What is the role of beauty in Catholic spirituality? How are truth and goodness related?
The Greek philosophers understood that the three transcendentals — truth, beauty, and goodness — were “convertible.” That means, where you find one, you find the other. When we find truth, we see goodness and beauty, too. And when we see beauty, we see truth and goodness, as well.
Learning the meaning of Truth, Beauty, and Goodness for Catholics is essential for understanding and living our faith. If we focus too heavily on any of these, we distort each of them. If we oppose these concepts — that is, if we pit truth against beauty, or goodness against truth — we do violence to all three of them.
As we come to understand the unity of truth, beauty, and goodness, we will come to understand God better. He himself is the fullest unity of each of these concepts — as we see the unity, we begin to see God. We learn to find goodness where we find beauty; we learn to find beauty where we find truth — and in each of these cases, to find God Himself.
Participants in the second annual Philadelphia Catholic Scholars Program will ask the most important questions about an integrated faith life, even as they come to better understand a Catholic aesthetic and how beauty can enrich their lives.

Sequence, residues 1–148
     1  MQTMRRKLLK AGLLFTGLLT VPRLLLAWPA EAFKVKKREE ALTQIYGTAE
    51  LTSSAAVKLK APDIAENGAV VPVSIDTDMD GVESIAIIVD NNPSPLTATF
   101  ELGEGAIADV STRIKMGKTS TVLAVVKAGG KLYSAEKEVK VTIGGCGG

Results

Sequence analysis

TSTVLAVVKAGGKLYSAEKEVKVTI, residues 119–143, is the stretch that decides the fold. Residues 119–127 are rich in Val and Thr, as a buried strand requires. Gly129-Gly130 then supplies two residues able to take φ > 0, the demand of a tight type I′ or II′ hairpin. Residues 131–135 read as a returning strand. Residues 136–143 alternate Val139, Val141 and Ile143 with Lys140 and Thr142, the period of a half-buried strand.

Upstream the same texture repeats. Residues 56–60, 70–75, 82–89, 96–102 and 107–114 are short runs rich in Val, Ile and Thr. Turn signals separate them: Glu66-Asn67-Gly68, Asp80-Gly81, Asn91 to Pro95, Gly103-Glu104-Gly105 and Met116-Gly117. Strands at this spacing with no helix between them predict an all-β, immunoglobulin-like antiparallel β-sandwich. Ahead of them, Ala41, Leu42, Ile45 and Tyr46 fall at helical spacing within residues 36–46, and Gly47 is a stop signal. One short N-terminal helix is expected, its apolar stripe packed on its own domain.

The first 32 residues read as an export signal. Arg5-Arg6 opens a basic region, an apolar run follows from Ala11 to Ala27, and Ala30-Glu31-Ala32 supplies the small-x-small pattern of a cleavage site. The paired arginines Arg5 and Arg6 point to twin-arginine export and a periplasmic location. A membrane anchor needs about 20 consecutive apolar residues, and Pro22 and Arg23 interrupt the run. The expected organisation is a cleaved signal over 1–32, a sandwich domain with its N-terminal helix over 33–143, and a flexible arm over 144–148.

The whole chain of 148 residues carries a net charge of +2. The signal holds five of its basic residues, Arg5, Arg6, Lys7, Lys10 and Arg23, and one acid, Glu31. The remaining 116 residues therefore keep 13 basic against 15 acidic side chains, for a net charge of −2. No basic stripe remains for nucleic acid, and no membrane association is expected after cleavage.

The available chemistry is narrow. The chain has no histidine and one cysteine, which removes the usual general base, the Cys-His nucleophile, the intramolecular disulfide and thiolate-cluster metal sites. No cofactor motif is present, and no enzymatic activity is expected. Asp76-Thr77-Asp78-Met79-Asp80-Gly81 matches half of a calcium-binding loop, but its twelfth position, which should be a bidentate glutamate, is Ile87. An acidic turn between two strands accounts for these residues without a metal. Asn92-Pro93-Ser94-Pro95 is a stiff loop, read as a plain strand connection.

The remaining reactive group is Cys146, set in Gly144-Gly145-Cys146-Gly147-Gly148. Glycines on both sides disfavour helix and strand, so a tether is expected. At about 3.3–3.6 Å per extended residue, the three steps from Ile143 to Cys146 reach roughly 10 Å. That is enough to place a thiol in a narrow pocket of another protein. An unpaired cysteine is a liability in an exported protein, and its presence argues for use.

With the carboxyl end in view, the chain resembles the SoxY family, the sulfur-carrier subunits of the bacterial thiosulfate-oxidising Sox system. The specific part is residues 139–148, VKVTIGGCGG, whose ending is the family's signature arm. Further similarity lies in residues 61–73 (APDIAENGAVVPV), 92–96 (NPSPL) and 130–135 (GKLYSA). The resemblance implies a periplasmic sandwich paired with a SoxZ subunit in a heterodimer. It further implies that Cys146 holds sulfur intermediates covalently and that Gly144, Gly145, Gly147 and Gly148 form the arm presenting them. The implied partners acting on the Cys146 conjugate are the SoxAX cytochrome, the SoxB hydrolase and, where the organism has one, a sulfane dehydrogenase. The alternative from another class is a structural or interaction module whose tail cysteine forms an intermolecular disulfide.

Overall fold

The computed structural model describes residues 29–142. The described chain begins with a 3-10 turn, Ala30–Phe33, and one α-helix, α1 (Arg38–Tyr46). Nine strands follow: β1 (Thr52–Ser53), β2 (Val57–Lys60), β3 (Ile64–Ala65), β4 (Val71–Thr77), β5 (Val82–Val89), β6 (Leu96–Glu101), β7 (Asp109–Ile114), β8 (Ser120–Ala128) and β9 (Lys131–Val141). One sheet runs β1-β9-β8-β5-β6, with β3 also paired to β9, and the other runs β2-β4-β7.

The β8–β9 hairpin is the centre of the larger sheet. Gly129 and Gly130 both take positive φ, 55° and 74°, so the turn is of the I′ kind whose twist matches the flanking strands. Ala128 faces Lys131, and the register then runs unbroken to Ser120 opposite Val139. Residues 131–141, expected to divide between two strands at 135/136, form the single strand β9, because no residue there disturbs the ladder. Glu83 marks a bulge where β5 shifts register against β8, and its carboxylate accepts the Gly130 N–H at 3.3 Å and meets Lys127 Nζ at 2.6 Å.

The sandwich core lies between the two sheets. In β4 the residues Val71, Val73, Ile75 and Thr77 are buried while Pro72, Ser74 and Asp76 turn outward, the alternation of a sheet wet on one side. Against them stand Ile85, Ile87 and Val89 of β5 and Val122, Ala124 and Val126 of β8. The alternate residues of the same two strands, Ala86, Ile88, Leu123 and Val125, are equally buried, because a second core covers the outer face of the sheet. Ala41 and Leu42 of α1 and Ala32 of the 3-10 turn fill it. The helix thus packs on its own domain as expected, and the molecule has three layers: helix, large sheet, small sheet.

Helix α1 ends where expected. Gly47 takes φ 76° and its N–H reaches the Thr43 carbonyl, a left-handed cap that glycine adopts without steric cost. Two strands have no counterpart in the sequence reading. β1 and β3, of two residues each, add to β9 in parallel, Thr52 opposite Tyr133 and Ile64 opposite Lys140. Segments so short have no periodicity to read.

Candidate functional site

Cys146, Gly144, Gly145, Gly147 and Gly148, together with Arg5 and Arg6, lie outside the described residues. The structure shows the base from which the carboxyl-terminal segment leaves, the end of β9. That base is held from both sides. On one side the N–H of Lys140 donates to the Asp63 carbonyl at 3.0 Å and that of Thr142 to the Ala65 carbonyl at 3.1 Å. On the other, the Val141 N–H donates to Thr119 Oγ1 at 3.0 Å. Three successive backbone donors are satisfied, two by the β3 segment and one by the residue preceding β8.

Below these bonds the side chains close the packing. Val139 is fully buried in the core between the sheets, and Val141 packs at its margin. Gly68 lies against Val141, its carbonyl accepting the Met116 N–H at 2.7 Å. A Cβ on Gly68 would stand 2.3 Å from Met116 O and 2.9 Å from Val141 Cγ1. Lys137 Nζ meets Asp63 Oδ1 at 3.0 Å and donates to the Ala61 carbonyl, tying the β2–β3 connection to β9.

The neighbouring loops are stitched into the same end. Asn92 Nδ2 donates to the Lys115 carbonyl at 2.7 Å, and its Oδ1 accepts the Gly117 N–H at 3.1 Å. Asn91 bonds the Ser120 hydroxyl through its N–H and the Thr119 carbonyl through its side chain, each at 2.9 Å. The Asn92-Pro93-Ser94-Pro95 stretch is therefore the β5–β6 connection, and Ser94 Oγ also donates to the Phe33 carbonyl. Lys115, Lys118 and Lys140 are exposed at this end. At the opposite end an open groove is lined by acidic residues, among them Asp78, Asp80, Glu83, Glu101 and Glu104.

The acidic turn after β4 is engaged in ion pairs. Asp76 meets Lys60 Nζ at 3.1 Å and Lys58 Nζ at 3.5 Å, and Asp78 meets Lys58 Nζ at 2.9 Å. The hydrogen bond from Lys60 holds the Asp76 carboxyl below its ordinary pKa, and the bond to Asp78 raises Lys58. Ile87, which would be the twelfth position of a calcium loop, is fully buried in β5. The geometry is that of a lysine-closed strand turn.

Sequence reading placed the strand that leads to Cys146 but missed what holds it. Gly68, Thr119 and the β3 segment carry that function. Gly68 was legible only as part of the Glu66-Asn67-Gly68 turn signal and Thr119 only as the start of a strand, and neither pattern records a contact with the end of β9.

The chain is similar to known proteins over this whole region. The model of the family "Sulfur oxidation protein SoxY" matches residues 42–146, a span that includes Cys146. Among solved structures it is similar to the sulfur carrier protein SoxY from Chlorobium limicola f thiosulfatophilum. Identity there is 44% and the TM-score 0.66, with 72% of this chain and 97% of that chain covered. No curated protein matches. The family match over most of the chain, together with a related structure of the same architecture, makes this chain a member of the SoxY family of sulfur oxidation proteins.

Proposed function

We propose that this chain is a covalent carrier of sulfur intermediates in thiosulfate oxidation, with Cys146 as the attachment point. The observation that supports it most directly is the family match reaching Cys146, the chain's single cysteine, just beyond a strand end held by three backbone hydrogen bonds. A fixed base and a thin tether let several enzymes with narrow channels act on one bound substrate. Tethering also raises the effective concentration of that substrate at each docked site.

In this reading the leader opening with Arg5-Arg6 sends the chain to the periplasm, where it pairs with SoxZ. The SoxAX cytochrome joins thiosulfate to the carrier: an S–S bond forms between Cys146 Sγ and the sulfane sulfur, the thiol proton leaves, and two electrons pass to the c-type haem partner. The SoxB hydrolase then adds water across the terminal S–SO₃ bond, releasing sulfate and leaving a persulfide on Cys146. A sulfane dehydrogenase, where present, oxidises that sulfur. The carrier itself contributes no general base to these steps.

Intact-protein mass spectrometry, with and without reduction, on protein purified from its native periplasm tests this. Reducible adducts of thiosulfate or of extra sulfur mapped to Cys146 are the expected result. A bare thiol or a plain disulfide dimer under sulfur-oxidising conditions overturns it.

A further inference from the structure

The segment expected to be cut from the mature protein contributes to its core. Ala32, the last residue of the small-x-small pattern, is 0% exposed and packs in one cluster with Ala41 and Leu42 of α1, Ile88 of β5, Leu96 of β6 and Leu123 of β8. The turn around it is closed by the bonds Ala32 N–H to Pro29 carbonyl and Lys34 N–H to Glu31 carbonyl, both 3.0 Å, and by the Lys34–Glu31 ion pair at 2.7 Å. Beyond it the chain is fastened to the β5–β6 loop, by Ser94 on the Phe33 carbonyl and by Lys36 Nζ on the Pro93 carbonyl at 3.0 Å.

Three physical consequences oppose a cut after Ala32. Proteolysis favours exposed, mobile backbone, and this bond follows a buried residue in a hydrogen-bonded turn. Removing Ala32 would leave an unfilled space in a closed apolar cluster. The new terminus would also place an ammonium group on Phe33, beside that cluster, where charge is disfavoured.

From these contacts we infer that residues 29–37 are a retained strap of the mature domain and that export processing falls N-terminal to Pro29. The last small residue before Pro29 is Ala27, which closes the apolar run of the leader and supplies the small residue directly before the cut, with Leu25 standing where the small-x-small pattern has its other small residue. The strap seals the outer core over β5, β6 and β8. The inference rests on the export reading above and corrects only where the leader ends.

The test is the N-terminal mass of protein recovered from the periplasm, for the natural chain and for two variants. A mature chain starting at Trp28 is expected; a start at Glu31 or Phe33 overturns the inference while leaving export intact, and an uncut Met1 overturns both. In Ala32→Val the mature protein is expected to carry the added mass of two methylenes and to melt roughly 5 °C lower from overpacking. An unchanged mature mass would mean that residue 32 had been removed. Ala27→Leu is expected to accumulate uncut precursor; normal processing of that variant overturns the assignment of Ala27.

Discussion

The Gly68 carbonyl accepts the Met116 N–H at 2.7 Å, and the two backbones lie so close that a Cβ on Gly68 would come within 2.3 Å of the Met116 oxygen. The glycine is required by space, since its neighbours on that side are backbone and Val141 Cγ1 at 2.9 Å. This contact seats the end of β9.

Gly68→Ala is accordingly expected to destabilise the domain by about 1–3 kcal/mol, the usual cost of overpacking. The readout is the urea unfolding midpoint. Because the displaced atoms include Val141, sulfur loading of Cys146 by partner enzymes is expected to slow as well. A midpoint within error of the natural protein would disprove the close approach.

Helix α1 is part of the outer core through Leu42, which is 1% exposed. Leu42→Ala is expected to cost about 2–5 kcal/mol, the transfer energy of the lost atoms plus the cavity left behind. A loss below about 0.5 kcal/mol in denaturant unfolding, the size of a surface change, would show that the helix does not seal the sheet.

While living in seminary dorms and praying together morning and night, PCSP students will attend daily, discussion-based seminars led by seminary and university professors. These guides and fellow pilgrims will join enthusiastic young men on a spiritual and intellectual adventure seeking to know and love God better, to understand the great ideas of our tradition.
We will find, in these two weeks, that a Catholic aesthetic enriches our lives, draws us to God, and makes the faith more compelling — both for oneself and to onlookers. All Catholics have an evangelical vocation. Knowing our faith and living it beautifully is itself an evangelical witness. The PCSP helps cultivate young men into Catholics “fully alive,” burning witnesses of the love of God.
Pursuing “fully alive Catholics,” the PCSP engages the whole person. Our formation of the intellect through study, argument, and writing will be complemented with a rich participation in the prayer life of the Church — daily Mass in the morning and evening prayer before bed each night. And more than just minds and souls, we are also embodied and social creatures. Our discussions themselves will be enriched as friendships are enhanced during recreation, playing soccer, frisbee, football, and so on.
As one 2018 participant told us last year, “It only takes two weeks to make brothers.” Join the PCSP to find brothers in Christ and discover the depths of your faith!